Blue, Smoldas plays Jezek (2015)

Blue, Smoldas plays Jezek (2015)

Libor Smoldas' first solo guitar album of tunes by great late Czech composer Jaroslav Jezek commemorating a 110th anniversary of his birth.



track list:

  1. Serenáda – 4:07
  2. Šaty dělaj člověka – 2:45
  3. Tmavomodrý svět – 2:30
  4. Ezop a brabenec – 2:42
  5. Stonožka /feat. David Dorůžka/ – 5:11
  6. Svět naruby – 3:49
  7. Klobouk ve křoví – 4:15
  8. Potopa – 1:50
  9. Nebe na zemi /feat. Robert Balzar/ – 5:53
  10. Ze dne na den – 6:00
  11. Zasu /věnováno Vendulce/ – 2:54
  12. Strejček hlad – 5:54
  13. Život je jen náhoda – 2:31
  14. Vousatý svět /feat. Tomáš Mika/ – 4:17
  15. Left too soon /věnováno Jaroslavu Ježkovi/ – 4:33

Total time: 59:12

All compositions by Jaroslav Ježek

  • Libor Šmoldas

Libor Šmoldas – guitars

and guests:

David Dorůžka – guitar (5)
Robert Balzar – acoustic bass (9)
Tomáš Mika – guitar (14)

Produced by Libor Šmoldas & Petr Marek

Recorded by Lukáš Martinek at Svárov Studio, Svárov, Czech Republic, in June 16 & 17, 2015
Mixed by Matouš Godík, Prague, Czech Republic, September 2015
Mastered by Matouš Godík, Prague, Czech Republic, October 2015

Photos © Jan Pohribný, 2015
Cover design © Yvone Baalbaki, 2015
© & (p) AGUILAR (NEW PORT LINE), 2015

Liner notes by Libor Smoldas:

It began for me in 2014 while I was on tour in the USA and lectured at a university in Pennsylvania. Students asked me if there was any purely Czech jazz, or whether we jazz musicians from the Czech Republic benefit exclusively from US and foreign traditions. Good question, I did not know how to answer it at that moment. It was only later that I realized that before I fell in love with the music of Charlie Parker, Chet Baker, Miles Davis and other greats of American jazz, I listened to jazz of premium quality and yet wholly Czech – music of a genius musician, Jaroslav Jezek.

 I listened to songs from the Liberated Theatre and such music for films by Voskovec & Werich (of which Jezek was composer) accompanied my childhood – I loved it. And a cassette with Jezek’s songs played over and over again – I still know all the lyrics by heart. Without my realizing it, I had grown in my relationship to jazz a long time before I decided to become a professional guitarist. It was paradoxically the American students who reminded me of Jezek again. I went back to him often in my thoughts, began to listen to his amazing music again and became interested in how he lived (It is an interesting coincidence that the impulse came to me in America, the country with which Jezek's fate was also linked).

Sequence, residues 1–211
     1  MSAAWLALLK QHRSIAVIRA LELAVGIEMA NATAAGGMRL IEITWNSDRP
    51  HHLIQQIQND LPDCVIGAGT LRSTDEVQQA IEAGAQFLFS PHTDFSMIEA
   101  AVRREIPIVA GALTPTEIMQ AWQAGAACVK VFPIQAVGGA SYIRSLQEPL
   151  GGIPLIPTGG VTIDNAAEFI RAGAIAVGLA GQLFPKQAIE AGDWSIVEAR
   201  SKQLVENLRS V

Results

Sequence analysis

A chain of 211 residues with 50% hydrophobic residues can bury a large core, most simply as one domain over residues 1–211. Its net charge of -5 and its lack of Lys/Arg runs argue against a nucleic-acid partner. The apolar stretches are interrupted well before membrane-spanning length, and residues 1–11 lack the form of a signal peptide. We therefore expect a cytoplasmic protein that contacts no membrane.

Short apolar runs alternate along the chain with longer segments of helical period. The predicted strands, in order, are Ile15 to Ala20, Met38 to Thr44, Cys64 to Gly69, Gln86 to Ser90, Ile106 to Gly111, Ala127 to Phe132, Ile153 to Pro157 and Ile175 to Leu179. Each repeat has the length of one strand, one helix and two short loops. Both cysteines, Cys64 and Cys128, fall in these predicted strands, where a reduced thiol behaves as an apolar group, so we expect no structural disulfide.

Jaroslav Jezek was an incredibly talented and hardworking man with a troubled fate. Few people today, even in the Czech Republic, know that he was primarily a composer of classical music and wrote those brilliant songs of the Liberated Theatre on the side. Nor that he studied with Alois Haba, a great promoter of Czech micro-intervalic music, nor that the great Benny Goodman was interested in Jezek's work, though sadly, after the composer’s death. There is no need to re-write Jezek's biography, which is best read about in books by Vaclav Holzknecht and Franz Cinger.

 My growing interest in Jezek brought me to places that played a significant role in his life. He was a man intrinsically linked with Prague and its culture. In his perfectly preserved Blue Room on Kaprova street in Prague, we not only soaked up the atmosphere, but also took photos for this album.  I also searched in America. In eastern Pennsylvania I was looking for a cottage in Point Pleasant, where Jezek briefly lived together with Voskovec and Werich, and where he used to like to return when he could for recreation.  (The house probably doesn’t exist anymore but it was good to visit the area.) I also visited the place where he lived in New York, as well as the hospital in Manhattan where he died. It was a very personal experience for me.

 This year (2016) we will mark 110 years since the birth of Jezek. His most fertile period began at the age of about twenty years, and he was only thirty-five when he died.  Today, as I am thirty-three, I realize more how few people manage to create so much in such a short time.  It is our great loss that we did not have Jezek here longer. In retrospect, it is clear that his songs withstand the test of time and his music speaks to people today as well as it did at the time of its inception. A parallel is at hand with American jazz standards. In my opinion Jezek’s son­gs are at least just as good and deserve to be played and interpreted in a modern manner by contemporary jazz players. Which other country enjoys a jazz composer of such quality? I have nothing but respect and admiration for Jezek. I hope that my relationship to his music shows in this record, and I would like to dedicate this album to his legacy.

Blue - foto copyright Jan Pohribný / New Port Line

SILVER, sketches of the silver screen

A new solo guitar record of mine is being released on November 30th. It contains my take on songs from old czechoslovakian movies.
Click here for more info